It turns out that this mollusk’s boring organ is anything but
Nhobgood/Wikimedia Commons (CC BY-SA 3.0)
Burrowing giant clams have perfected the ship-in-a-bottle trick, and the one big thing that scientists convinced themselves couldn’t explain it, actually can.
Tridacna crocea, the smallest of the 10 or so giant clam species, grows a shell that eventually reaches the size of a large fist. Starting as youngsters, the burrowers bore into the stony mass of an Indo-Pacific coral reef, trapping themselves behind a too-skinny exit for their entire decades-long lives.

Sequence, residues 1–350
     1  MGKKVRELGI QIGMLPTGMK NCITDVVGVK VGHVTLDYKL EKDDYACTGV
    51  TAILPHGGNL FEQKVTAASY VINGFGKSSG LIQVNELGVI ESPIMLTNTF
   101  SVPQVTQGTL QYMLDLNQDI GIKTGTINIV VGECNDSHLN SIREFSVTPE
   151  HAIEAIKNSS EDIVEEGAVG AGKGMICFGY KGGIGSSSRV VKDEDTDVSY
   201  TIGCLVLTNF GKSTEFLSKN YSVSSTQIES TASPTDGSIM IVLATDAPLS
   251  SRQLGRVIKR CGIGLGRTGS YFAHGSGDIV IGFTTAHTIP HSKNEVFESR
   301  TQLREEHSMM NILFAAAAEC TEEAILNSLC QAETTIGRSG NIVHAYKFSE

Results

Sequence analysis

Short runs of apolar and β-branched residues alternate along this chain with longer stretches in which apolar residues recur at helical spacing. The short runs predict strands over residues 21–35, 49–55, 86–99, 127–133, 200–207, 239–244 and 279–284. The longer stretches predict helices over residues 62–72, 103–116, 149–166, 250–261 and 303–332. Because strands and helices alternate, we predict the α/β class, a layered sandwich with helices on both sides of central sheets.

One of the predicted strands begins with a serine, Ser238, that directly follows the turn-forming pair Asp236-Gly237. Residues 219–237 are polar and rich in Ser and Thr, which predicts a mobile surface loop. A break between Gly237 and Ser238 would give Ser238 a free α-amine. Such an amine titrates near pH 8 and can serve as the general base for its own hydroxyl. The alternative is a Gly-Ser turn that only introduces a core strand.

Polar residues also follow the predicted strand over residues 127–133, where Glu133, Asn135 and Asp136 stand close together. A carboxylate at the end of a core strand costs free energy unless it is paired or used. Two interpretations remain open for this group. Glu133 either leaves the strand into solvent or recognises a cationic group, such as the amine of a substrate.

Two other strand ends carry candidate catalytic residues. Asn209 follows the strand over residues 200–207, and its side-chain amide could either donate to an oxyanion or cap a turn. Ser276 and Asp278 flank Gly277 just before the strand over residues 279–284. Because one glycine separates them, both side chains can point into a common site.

Only the extravagantly colored upper edges of the clam’s body can push out the thin slit in the reef. These protruding frills teem with algae related to those in corals. Basking in sunlight, the algae pay rent in the form of a substantial portion of a giant clam’s nourishment.
The clams “actually have eyes in this tissue,” says environmental physiologist Richard Hill of Michigan State University in East Lansing. At the slightest shadow — a predator, perhaps —